Introduction :: Kyrgyzstan


A Central Asian country of incredible natural beauty and proud nomadic traditions, most of the territory of the present-day Kyrgyz Republic was formally annexed to the Russian Empire in 1876. The Kyrgyz staged a major revolt against the Tsarist Empire in 1916 in which almost one-sixth of the Kyrgyz population was killed. The Kyrgyz Republic became a Soviet republic in 1936 and achieved independence in 1991 when the USSR dissolved. Nationwide demonstrations in 2005 and 2010 resulted in the ouster of the countrys first two presidents, Askar AKAEV and Kurmanbek BAKIEV. Interim President Roza OTUNBAEVA led a transitional government and following a nation-wide election, President Almazbek ATAMBAEV was sworn in as president in 2011. In 2017, ATAMBAEV became the first Kyrgyzstani president to step down after serving one full six-year term as required in the countrys constitution. Former prime minister and ruling Social-Democratic Party of Kyrgyzstan member Sooronbay JEENBEKOV replaced him after winning an October 2017 presidential election that was the most competitive in the countrys history, although international and local election observers noted cases of vote buying and abuse of public resources. The president holds substantial powers as head of state even though the prime minister oversees the Kyrgyzstani Government and selects most cabinet members. The president represents the country internationally and can sign or veto laws, call for new elections, and nominate Supreme Court judges, cabinet members for posts related to security or defense, and numerous other high-level positions. Continuing concerns for the Kyrgyz Republic include the trajectory of democratization, endemic corruption, a history of tense, and at times violent, interethnic relations, border security vulnerabilities, and potential terrorist threats.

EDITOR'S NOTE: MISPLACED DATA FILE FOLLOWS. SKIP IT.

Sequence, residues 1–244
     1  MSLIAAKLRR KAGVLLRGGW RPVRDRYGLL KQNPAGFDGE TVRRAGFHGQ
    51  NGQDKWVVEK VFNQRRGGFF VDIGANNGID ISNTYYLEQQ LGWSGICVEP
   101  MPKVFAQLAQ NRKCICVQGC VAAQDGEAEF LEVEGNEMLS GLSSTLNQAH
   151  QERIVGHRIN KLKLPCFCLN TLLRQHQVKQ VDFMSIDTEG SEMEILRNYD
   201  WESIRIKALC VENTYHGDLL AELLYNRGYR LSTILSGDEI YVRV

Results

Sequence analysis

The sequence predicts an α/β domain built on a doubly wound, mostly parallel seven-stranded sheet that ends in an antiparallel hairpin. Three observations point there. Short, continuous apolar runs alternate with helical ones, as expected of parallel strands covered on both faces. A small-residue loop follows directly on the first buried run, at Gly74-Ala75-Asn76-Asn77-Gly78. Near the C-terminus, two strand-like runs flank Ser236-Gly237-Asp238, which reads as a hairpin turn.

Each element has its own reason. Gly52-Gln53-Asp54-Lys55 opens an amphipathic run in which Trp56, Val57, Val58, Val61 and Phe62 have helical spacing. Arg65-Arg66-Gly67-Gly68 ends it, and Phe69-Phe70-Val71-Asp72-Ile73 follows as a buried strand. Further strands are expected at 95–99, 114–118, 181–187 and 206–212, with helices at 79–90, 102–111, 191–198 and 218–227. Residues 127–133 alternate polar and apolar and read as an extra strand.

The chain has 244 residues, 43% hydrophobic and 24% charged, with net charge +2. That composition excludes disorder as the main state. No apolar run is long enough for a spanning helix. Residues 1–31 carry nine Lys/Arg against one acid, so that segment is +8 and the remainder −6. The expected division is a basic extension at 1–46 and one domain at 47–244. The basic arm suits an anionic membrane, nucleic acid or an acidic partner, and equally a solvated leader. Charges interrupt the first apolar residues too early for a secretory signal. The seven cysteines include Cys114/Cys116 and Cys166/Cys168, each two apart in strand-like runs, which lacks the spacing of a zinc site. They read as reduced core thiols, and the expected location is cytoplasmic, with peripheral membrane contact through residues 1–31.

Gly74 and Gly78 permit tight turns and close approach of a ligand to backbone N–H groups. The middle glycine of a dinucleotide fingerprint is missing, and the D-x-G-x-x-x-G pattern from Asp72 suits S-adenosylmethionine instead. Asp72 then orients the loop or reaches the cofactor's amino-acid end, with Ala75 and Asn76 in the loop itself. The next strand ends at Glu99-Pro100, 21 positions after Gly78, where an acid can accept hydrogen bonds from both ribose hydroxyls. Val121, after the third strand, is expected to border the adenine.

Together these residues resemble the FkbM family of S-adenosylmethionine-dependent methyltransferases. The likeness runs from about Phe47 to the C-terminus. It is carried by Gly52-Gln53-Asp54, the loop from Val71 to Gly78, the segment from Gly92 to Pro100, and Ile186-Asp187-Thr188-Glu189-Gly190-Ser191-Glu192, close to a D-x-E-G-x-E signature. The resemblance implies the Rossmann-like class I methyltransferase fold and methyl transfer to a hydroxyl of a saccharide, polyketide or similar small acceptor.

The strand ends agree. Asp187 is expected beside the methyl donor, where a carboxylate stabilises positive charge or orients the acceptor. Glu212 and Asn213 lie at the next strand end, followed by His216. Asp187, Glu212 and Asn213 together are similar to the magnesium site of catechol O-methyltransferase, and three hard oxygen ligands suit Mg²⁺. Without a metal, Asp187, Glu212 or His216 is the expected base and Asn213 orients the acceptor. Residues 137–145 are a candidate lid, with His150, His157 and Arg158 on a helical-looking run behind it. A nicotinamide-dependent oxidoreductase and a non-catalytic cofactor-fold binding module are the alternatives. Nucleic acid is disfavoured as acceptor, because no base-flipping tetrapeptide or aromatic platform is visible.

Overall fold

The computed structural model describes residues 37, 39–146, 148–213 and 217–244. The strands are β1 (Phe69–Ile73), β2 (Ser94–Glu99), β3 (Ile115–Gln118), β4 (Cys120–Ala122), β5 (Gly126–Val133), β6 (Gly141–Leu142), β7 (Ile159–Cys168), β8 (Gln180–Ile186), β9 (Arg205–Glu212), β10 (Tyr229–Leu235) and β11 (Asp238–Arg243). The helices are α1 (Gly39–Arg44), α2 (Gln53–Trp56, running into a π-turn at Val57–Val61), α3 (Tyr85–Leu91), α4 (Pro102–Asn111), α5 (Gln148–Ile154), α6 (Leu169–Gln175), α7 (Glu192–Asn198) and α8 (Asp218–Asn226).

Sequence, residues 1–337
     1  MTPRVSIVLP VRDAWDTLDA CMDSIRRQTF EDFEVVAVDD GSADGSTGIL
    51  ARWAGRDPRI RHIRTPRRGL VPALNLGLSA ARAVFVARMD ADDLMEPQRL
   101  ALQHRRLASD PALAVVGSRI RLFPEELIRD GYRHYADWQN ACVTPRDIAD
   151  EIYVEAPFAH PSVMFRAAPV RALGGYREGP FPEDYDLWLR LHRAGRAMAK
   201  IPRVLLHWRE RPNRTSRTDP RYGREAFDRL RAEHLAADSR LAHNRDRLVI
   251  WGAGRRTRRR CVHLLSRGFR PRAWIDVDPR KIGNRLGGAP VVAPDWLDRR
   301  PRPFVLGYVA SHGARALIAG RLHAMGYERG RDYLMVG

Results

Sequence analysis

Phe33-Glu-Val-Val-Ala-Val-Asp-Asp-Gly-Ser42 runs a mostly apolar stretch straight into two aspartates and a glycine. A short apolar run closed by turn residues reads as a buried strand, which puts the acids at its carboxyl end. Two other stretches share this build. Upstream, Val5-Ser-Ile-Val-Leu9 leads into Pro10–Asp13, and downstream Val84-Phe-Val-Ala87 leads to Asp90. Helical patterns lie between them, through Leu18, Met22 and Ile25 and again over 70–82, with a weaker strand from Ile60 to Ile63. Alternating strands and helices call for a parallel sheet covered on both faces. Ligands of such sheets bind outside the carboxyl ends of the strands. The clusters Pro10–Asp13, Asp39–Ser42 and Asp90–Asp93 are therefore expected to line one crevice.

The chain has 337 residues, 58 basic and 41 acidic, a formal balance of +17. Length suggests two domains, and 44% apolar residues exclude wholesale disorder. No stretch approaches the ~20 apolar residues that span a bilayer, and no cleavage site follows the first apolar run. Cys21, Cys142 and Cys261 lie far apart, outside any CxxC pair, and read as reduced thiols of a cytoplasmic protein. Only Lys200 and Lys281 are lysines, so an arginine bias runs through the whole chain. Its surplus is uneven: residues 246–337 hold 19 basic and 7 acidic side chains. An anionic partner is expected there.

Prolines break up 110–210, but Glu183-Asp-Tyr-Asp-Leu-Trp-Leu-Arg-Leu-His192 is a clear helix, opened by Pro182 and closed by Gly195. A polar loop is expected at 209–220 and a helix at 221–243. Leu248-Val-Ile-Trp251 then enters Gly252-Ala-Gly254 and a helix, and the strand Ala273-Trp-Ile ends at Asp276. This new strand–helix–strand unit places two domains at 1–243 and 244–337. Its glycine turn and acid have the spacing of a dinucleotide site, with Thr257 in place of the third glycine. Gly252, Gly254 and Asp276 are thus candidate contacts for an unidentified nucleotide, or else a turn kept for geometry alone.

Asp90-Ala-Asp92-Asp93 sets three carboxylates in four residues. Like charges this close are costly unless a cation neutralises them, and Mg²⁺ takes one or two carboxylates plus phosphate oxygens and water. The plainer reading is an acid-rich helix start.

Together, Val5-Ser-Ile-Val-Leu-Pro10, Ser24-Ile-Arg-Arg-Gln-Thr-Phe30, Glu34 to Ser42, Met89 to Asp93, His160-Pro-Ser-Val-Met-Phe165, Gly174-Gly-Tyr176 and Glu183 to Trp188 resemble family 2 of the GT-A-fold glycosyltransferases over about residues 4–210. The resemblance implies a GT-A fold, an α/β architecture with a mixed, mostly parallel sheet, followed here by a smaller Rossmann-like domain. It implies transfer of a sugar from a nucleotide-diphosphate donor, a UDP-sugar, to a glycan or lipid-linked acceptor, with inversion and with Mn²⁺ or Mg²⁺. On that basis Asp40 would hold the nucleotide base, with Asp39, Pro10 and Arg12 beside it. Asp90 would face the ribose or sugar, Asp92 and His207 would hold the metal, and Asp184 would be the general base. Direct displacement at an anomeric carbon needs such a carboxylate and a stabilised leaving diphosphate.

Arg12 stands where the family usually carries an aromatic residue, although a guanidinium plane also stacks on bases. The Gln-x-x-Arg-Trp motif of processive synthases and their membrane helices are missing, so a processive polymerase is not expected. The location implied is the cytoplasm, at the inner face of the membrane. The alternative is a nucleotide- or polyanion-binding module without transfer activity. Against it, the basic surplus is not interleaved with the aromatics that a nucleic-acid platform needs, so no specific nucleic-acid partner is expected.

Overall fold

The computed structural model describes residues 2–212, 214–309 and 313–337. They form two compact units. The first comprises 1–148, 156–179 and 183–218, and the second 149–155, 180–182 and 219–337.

Geography :: Kyrgyzstan


Central Asia, west of China, south of Kazakhstan

Geographic coordinates

41 00 N, 75 00 E